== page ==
Explaining the meaning of ‘Olimpotic Meritemasis,’ Ayade said the budget was anchored “in the spiritual force which is the third energy,” stressing that Meritemasis is an active cell that stimulates growth in a young plant, which in this case represents the state.”

2021: ‘Budget of Blush and Bliss’

The 2021 budget was tagged ‘Budget of Blush and Bliss” and according to the governor, it was aimed at improving the welfare of residents of the state.

In the breakdown of the N277.7 billion appropriation bill sent to the State House of Assembly, N192billion was pegged for recurrent expenditure which represents 69 per cent of the budget.

“31 per cent of the budget is now being reduced and left for basic expenditure which is the sum of N85.1 billion.

“The 31 per cent is to deal with infrastructure, water resources, foreign relationship, information system, climate change and also strengthen our social media unit’’.

2022: ‘Budget of Conjugated Agglutination’

The governor’s 2022 Budget estimated at N276 billion was tagged “budget of Conjugated Agglutination.”

In it, “the sum of N106 billion is reserved for recurrent expenditure while N170 billion will go for capital projects.

Ayade said his government will not embark on any new projects, but will ensure that all the outstanding ones projects are completed.

“The 2022 budget tries to marry reality, certainty, aspiration and hope. It is a budget that will ensure that all the projects embarked upon are completed.”

Experts’ views on the budgets

Some concerned citizens and critical stakeholders in Cross River have decried the non-availability of budget performance evaluation reports since advent of Ayade’s government

They have also frowned at his style of budget presentation each year where breakdowns are hardly made available to the public.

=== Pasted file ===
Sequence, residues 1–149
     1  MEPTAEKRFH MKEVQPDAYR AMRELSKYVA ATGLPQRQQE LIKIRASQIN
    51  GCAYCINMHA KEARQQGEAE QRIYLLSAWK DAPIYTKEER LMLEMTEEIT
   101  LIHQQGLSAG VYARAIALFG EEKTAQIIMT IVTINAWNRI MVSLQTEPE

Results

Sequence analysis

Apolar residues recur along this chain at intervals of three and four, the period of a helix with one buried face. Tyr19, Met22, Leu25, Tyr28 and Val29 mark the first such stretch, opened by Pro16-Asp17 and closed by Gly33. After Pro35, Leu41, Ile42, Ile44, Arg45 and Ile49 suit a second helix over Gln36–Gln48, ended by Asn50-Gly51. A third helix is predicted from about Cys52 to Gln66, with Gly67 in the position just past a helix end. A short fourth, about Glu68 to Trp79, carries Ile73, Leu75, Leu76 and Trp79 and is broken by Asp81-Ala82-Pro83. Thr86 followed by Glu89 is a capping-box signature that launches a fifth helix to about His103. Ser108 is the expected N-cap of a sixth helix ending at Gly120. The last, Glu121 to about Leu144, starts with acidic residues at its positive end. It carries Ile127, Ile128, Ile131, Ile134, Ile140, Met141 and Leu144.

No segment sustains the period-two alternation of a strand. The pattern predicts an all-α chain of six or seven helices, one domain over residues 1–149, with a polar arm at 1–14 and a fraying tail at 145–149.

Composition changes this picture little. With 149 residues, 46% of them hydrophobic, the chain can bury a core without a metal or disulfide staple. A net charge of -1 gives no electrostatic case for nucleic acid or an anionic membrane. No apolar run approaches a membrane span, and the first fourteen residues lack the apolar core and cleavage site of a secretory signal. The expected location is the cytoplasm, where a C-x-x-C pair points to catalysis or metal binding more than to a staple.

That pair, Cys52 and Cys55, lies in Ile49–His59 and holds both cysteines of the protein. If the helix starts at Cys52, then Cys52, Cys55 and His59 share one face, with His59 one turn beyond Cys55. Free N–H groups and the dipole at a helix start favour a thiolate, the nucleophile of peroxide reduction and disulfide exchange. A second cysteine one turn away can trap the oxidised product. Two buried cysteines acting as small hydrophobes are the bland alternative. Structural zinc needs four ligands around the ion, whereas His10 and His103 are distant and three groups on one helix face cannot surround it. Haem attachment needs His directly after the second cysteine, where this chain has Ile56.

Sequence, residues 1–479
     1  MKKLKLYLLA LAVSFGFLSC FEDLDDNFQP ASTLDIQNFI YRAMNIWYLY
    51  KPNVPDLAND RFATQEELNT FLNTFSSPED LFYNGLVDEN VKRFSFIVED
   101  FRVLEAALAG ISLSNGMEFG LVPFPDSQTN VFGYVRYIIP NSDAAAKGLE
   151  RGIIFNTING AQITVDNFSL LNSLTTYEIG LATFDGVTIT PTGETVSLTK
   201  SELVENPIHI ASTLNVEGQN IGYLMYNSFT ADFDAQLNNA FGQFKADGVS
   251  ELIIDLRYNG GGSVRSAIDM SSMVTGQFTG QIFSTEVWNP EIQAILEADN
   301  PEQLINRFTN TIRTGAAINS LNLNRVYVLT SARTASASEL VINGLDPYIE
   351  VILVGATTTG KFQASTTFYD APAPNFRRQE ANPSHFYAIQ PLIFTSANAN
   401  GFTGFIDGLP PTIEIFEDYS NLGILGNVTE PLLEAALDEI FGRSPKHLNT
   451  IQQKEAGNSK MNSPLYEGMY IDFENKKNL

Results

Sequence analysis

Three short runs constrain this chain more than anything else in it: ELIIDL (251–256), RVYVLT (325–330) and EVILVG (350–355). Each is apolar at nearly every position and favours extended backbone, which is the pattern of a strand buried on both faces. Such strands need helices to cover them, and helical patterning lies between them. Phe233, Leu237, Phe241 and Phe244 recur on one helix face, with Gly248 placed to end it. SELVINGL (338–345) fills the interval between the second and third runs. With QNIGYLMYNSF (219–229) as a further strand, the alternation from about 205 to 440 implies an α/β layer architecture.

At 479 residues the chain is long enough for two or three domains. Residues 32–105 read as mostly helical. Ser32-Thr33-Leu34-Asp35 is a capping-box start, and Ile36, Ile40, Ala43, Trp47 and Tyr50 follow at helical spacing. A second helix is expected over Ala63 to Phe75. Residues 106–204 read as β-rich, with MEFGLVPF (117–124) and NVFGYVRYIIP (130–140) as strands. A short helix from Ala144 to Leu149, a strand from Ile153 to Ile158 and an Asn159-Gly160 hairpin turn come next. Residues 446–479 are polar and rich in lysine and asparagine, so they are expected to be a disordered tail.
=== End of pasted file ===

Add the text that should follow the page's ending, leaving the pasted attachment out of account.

In a phone interview with Daily Trust on Sunday, former Commissioner for Justice and Attorney-General of the state, Attah Ochinke said, “I can hardly have any views about the 2021 budget. What’s trending about it is the comical title of the budget: Conjugated Agglutination, which distracts people. The details of the budget are not available.  Therefore, it lacks substance. When such come out, we can then engage such.”

Ochinke who is also chairman of Nigeria Bar Association Calabar branch, said, “As it is, it does not allow for assessment and critique of the various estimates and proposals.”

Also reacting, a youth leader and chairman of Young Progressives Party (YPP), Anthony Bissong Attah, said the budget is a departure from the previous trillion-naira projection, and yet a far cry from reality.

He stressed that it would have been better to peg it at N87 Billion knowing the economic situation of the state.

“For a state whose combined federal allocation and Internally Generated Revenue is less than 50 billion naira annually, it would have been more realistic to peg the budget at 87 billion naira at most. I’d thought that previous budget performance would guide the preparation of this new budget.”

“The argument that the budget is intended to be utilised to complete existing projects is also very weak. You can’t spend over six years building and abandoning projects just to wake up to complete them in election year. We can’t continue to do the same thing every year and expect a different result.”

While it’s not certain that the latest budget will be fully implemented, one thing looks 98 percent clear, Ayade will make the headlines over next year’s budget title as it has become a trend for the governor.

Critical stakeholders and some other citizens of the state are of the view that perhaps, Ayade ought to be more concerned about impact and implementation of his budgets than the bombastic titles he gives the documents year in year out.